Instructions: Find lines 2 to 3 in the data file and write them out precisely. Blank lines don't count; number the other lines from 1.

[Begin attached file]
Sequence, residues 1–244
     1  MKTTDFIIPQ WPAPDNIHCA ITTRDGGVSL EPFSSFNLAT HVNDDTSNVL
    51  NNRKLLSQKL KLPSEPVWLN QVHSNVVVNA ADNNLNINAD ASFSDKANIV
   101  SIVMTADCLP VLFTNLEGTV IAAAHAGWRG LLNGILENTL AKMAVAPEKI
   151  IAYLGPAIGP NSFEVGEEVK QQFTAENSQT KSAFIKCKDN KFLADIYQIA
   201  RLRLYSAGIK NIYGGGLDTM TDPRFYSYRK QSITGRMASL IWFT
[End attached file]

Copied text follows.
     1  MKTTDFIIPQ WPAPDNIHCA ITTRDGGVSL EPFSSFNLAT HVNDDTSNVL
    51  NNRKLLSQKL KLPSEPVWLN QVHSNVVVNA ADNNLNINAD ASFSDKANIV